Peer Review History

Original SubmissionAugust 13, 2019
Decision Letter - Asim Zia, Editor

PONE-D-19-22906

Fieldwork-based Determination of Design Priorities for Point-of-Use Drinking Water Quality Sensors for Use in Resource-Limited Environments

PLOS ONE

Dear Dr. Bono Jr.,

Thank you for submitting your manuscript to PLOS ONE. After careful consideration, we feel that it has merit but does not fully meet PLOS ONE’s publication criteria as it currently stands. Therefore, we invite you to submit a revised version of the manuscript that addresses the points raised during the review process.

This is a very timely paper, with the potential to induce widespread impact for improving water quality and monitoring systems. 

I concur with the minor changes proposed by Reviewer 1.

 In addition, it would be useful if Figure 5 has a panel "d" added to it, reporting results of a conjoint analysis model pooled for all three populations shown in panels a, b and c of Figure 5. The discussion and conclusions section of the paper should clarify the differences observed among the three samples shown in panels a, b and c; and also compare these differences with the model estimated from pooling all samples together. 

Finally, the linkage of the study with "behavioral change communication" is not clear. How do the study findings from conjoint analysis induce behavioral change? What is the role of communication in inducing behavioral change, if any.

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Asim Zia, Ph.D.

Academic Editor

PLOS ONE

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'I have read the journal's policy and the authors of this manuscript have the following competing interests: The authors have submitted a utility patent application for potential sensor designs based on the results of this study: Bono MS, Beasley SB, Hanhauser EB, Vaishnav C, Hart AJ, Karnik RN. Systems, Devices, and Methods for Point-of-Use Testing for Fluid Contamination; Filed Oct. 18, 2017. U.S. PCT Patent Application No. PCT/US2017/057265.

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Additional Editor Comments (if provided):

This is a very timely paper, with the potential to induce widespread impact for improving water quality and monitoring systems.

I concur with the minor changes proposed by Reviewer 1.

In addition, it would be useful if Figure 5 has a panel "d" added to it, reporting results of a conjoint analysis model pooled for all three populations shown in panels a, b and c of Figure 5. The discussion and conclusions section of the paper should clarify the differences observed among the three samples shown in panels a, b and c; and also compare these differences with the model estimated from pooling all samples together.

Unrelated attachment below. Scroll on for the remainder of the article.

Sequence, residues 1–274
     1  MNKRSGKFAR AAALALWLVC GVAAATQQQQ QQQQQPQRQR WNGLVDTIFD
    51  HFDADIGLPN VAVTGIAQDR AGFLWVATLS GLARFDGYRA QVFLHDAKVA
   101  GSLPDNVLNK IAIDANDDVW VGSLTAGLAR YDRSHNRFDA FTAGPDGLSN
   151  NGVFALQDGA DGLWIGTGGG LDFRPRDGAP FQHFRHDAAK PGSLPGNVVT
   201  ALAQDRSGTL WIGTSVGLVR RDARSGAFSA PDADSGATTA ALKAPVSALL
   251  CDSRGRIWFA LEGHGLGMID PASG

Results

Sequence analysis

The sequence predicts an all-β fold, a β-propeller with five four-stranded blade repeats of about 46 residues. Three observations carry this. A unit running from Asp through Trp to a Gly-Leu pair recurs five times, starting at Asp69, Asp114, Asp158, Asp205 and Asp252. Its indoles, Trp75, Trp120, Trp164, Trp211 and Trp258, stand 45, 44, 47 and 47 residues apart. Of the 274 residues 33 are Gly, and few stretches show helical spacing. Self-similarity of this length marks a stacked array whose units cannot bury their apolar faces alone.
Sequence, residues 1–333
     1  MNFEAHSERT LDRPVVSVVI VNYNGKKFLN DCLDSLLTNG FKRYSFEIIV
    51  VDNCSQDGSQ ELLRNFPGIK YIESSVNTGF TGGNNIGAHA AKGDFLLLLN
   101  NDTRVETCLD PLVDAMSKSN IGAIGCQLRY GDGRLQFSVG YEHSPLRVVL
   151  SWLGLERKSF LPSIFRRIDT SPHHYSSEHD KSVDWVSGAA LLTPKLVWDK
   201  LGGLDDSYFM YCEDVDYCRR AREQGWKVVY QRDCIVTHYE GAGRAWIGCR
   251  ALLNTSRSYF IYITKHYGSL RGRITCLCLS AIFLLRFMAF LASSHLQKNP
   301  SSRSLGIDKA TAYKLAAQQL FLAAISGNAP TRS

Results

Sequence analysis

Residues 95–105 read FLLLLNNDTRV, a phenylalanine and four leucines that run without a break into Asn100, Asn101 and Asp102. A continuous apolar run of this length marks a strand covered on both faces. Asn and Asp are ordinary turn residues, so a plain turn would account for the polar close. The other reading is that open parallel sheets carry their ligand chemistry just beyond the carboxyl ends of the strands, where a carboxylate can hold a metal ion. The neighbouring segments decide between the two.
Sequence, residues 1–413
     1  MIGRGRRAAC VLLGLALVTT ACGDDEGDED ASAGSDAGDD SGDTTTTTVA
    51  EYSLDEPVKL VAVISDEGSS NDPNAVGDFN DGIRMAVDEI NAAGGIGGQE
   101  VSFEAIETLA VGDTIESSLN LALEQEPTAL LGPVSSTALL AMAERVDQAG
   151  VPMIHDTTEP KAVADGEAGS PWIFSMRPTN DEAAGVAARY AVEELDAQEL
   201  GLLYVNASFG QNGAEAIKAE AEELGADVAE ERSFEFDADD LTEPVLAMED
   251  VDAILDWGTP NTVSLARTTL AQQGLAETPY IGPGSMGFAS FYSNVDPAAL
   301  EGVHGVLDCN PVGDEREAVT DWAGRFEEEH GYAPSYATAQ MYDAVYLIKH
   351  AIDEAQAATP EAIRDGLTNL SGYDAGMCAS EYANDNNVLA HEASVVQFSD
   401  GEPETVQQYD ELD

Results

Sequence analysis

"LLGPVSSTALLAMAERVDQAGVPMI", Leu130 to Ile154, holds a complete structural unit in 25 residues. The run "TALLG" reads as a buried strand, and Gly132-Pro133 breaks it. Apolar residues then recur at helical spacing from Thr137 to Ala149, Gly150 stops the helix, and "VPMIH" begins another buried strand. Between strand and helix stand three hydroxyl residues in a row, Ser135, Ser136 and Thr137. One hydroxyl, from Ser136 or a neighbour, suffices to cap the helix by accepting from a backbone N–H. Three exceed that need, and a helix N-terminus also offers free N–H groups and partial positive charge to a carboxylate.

Finally, the linkage of the study with "behavioral change communication" is not clear. How do the study findings from conjoint analysis induce behavioral change? What is the role of communication in inducing behavioral change, if any.

[Note: HTML markup is below. Please do not edit.]

Reviewers' comments:

Reviewer's Responses to Questions

Comments to the Author

1. Is the manuscript technically sound, and do the data support the conclusions?

The manuscript must describe a technically sound piece of scientific research with data that supports the conclusions. Experiments must have been conducted rigorously, with appropriate controls, replication, and sample sizes. The conclusions must be drawn appropriately based on the data presented.

Reviewer #1: Yes

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2. Has the statistical analysis been performed appropriately and rigorously?

Reviewer #1: I Don't Know

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3. Have the authors made all data underlying the findings in their manuscript fully available?

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Reviewer #1: Yes

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Reviewer #1: Yes

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5. Review Comments to the Author

Please use the space provided to explain your answers to the questions above. You may also include additional comments for the author, including concerns about dual publication, research ethics, or publication ethics. (Please upload your review as an attachment if it exceeds 20,000 characters)

Reviewer #1: Review of fieldwork-based determination of design priorities for point-of-use drinking water quality sensors for use of in resource-limited environments

Bono et al. submitted to PLOS ONE

The authors address a profound challenge in the water quality monitoring field that has re-emerged with the sensor revolution in water quality monitoring. How to go about developing sensors that are useful/optimized for stakeholder applications? They focus on developing design priorities for point-of-use microbial water sensors for use in rural India households. I should note that I am a trained as a geochemist, and therefor am not qualified to assess the design and interpretations of their analysis of interactions with the stakeholder communities. I can say that the authors’ are asking the right questions and examining a useful combination of considerations that would go into development of sensors designed for use in various applied context. Therefore, my general assessment is that this is an extremely useful contribution to the water quality monitoring literature with broad and timely application to many subfields. We very much struggle with this ourselves in the nutrient monitoring world and these findings and approach have potential utility across water quality sensing; an indication of a strong contribution and manuscript worth publishing. I also found the manuscript particularly well-written and thoroughly proofread, which was refreshing and gives me minimal minor editorial comments that too often constitute much of a review. The authors should be commended for timely contribution and a well-written and structured manuscript. Based on my assessment, with the qualifier of my lack of expertise in this kind of stakeholder interaction experimental design and interpretation, I believe that the manuscript should be published with minimal revision. Some feedback on particular components of the manuscript that could be useful are mentioned below.